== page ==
Let’s say you start a business with a partner, just like we did around 8 years ago. When you are organized as an LLC, C Corp or S Corp, you can’t have the partners go around paying for stuff out of their own funds. The waters get muddy real quick. Co-mingling funds can open you up to liability, and on a practical level, it can make doing your personal and business taxes a real headache. That’s why you need corporate registered accounts for your business funds.
So how do you start a corporate account, and what do you need in order to do it? It’s not overly complicated, and it will be well worth it for increased professionalism and for keeping business and the rest of life clear and distinct from each other.
Here is what the bank is likely to ask for when you register a corporate account with them:
- Your business employer identification number (EIN)
- Personal identification, like a passport or driver’s license, for everyone listed on the account
- Business license with the name of the business and the owner’s name or names
- DBA or assumed name certification
- Partnership agreement with the name of the business and its partners
- Organizing documents filed with the state
- Monthly credit card revenue (for merchant accounts)
Starting a corporate bank account shouldn’t be an afterthought. As soon as you start accepting or making payments for your business, you should have business accounts to run that money through.
If you’ve been connecting with us for any length of time you know how we feel about bank account interest rates. This is not where you come for the magic of compound interest. These accounts are meant to manage your day-to-day cash flow. That being said, finding the best banks with the best offers on interest rates, transaction fees, and account minimums is time well spent. This is not where you sit money to grow exponentially, but put that money to work for you while it sits in these accounts.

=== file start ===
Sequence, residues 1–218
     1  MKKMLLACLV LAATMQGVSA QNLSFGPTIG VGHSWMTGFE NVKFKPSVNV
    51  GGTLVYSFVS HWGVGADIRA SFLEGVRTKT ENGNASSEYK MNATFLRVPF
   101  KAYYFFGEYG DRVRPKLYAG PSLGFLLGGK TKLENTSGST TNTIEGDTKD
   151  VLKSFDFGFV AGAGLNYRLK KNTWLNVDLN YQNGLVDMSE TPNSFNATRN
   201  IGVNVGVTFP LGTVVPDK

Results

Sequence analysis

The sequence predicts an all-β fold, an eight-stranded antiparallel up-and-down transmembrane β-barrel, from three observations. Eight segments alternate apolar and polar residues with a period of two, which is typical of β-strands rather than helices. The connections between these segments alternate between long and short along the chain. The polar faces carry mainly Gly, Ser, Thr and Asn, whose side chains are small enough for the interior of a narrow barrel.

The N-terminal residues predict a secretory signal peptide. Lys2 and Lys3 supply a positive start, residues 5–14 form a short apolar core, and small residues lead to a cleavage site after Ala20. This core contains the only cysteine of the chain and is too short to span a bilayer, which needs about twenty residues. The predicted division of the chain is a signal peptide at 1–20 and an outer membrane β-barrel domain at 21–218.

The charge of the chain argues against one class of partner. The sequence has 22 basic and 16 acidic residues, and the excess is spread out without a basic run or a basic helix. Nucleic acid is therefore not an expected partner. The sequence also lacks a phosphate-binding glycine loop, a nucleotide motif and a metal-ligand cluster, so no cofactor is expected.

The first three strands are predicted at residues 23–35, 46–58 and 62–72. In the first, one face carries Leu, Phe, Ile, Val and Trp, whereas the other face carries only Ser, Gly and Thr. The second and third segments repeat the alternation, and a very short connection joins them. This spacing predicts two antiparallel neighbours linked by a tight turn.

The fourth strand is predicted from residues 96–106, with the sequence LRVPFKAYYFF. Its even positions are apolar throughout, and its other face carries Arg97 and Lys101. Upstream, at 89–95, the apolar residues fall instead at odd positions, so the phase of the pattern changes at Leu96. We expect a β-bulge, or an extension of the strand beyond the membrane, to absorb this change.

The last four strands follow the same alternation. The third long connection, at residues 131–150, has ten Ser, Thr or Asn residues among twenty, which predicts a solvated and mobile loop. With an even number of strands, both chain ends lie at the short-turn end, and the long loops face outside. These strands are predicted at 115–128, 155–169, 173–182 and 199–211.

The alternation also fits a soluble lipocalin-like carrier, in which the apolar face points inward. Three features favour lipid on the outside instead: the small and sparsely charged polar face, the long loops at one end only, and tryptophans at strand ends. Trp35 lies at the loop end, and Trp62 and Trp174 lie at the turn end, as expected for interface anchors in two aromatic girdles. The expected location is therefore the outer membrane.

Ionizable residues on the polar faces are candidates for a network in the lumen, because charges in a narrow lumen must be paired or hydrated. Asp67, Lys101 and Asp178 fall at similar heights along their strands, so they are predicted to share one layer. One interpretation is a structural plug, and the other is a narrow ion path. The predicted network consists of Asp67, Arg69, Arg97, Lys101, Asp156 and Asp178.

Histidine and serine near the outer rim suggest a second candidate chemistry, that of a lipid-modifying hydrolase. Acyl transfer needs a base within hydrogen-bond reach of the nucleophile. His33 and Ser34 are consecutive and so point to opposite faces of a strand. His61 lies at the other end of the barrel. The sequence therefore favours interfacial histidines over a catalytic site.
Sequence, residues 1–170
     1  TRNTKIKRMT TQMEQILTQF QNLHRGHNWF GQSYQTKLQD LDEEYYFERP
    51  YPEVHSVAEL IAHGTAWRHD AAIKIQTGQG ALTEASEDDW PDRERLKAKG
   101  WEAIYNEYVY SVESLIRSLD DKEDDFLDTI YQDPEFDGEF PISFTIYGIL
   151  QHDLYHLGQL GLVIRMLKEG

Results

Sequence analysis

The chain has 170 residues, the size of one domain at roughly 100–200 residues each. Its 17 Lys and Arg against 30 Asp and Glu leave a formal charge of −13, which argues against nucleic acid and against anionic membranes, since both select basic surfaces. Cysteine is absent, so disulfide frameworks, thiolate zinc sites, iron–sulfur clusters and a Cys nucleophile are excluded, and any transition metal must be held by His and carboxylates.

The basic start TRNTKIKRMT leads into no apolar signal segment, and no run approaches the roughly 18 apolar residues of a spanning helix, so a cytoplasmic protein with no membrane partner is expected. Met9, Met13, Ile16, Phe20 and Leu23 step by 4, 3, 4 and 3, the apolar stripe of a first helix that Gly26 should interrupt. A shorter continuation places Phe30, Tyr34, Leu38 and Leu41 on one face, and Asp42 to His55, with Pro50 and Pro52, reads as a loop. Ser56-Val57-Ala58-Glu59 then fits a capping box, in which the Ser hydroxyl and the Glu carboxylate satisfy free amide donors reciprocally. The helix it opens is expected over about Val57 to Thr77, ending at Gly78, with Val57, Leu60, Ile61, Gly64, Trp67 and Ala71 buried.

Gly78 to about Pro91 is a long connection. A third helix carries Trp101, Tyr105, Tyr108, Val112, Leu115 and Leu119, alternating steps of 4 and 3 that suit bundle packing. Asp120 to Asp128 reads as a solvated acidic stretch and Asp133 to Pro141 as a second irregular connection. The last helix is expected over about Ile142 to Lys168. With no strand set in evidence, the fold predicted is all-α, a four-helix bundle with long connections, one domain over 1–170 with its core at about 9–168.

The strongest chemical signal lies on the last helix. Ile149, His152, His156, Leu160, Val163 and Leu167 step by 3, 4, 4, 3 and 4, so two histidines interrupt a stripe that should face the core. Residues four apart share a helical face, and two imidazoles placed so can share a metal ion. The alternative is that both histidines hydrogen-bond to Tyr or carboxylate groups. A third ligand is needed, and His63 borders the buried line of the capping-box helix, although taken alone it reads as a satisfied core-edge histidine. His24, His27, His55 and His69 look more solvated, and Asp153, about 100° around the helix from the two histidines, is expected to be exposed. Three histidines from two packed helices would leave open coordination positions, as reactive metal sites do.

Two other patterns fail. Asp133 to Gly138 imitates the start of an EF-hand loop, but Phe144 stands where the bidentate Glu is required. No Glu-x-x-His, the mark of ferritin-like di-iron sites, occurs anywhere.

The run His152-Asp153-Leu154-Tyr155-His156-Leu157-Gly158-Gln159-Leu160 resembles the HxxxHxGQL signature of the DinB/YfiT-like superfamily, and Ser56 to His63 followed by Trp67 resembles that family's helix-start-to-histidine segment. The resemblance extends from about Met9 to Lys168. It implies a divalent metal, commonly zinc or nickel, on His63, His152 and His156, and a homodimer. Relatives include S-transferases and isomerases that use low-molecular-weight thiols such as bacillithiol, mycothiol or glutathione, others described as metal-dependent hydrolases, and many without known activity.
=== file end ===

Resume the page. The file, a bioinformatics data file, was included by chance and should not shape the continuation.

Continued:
Corporate vs. Business Accounts
You may think you have done what you need to do by establishing a business bank account—that is—an account with the business name on it, separate from your personal bank accounts. But to be clear, a corporate account is a higher level of separation between your personal funds and business funds. A business account that is considered a personal asset of the business owner could get entangled by the owner’s personal creditors.
A corporate registered account has a list of authorized signers on the account and is not considered a personal asset of any principals or board members.
You want to start building a banking relationship with a corporate account so when the time comes to take out a business line of credit, you will have a track record with the bank. It’s important to establish a credit history as a business so you can make the right moves when it is time to scale your business up.
Bottom line, without a corporate registered account for your company you are subject to piercing the corporate veil and opening yourself up to losing personal liability protections. Save yourself the hassles and build respect and credibility among the people you do business with. That is the power of a corporate registered bank account.